FIG. 2 illustrates the hybrid ring of FIG. 1 as a divider and not as a combiner. This is done for the purposes of illustrating that the structures are essentially the same. Like components in FIGS. 1 and 2 are identified with like character references and only the differences will be described in detail. The divider of FIG. 2 include ports 12 and 14 acting as output ports instead of input ports and a common port 16 which serves in this case as an input port. Isolation ports 18 and 20 are connected through isolation resistors 30 and 32 to ground, as in the case of FIG. 1. However, the input sources 22 and 24 of FIG. 1 are replaced in FIG. 2 with load resistors 23 and 25. The common port 16 serves as an input port and is connected by way of resistor 27 to a single RF signal source 29. The divider or splitter structure in FIG. 2 is a transmission line implementation of the hybrid ring structure and as such includes six transmission line sections in place of the six phase shifting sections of FIG. 1. These are transmission line sections 41, 43, 45, 47, 49, and 51. These are well known in the art and for example, each may include a microstrip structure including a pair of conductor strips spaced from each other by an intermediate dielectric insulator. The inner conductor strips of these transmission lines are connected to electrical ground, as shown.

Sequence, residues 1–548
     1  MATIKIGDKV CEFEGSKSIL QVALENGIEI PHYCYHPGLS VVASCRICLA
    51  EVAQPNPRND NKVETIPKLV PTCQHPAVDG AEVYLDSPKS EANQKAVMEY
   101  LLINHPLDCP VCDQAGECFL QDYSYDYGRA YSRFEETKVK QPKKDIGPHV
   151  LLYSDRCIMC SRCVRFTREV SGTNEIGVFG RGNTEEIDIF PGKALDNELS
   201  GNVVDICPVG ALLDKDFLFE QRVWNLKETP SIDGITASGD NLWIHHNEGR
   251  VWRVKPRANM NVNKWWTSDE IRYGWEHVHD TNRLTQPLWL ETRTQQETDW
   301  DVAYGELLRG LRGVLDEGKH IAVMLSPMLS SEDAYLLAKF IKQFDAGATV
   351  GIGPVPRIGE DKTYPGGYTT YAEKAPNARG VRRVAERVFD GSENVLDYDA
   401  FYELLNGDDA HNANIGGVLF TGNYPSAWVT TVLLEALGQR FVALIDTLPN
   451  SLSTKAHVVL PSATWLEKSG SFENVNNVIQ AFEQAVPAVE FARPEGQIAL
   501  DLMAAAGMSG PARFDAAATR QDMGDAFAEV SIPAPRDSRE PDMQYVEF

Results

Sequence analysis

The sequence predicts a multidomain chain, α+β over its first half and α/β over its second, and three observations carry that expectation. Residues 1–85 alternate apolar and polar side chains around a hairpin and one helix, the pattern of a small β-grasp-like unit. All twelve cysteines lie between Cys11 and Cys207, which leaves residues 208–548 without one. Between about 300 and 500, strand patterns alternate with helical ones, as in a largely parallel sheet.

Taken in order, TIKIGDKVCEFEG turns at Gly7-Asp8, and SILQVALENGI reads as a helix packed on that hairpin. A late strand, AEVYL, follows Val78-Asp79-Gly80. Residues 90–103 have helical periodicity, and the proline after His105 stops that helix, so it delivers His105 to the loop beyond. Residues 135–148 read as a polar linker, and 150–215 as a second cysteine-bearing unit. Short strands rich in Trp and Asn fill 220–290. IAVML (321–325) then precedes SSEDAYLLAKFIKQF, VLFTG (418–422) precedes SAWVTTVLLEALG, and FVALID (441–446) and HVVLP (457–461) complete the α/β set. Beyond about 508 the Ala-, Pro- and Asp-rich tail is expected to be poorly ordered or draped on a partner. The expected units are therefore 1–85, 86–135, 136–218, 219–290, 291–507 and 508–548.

Each transmission line section has a length of 1/4wavelength to provide a phase shift of +90°. This phase shift, however, takes place at only one frequency and the frequency range of such a hybrid structure is ten percent when the input VSWR is less than or equal to 1.1 to 1.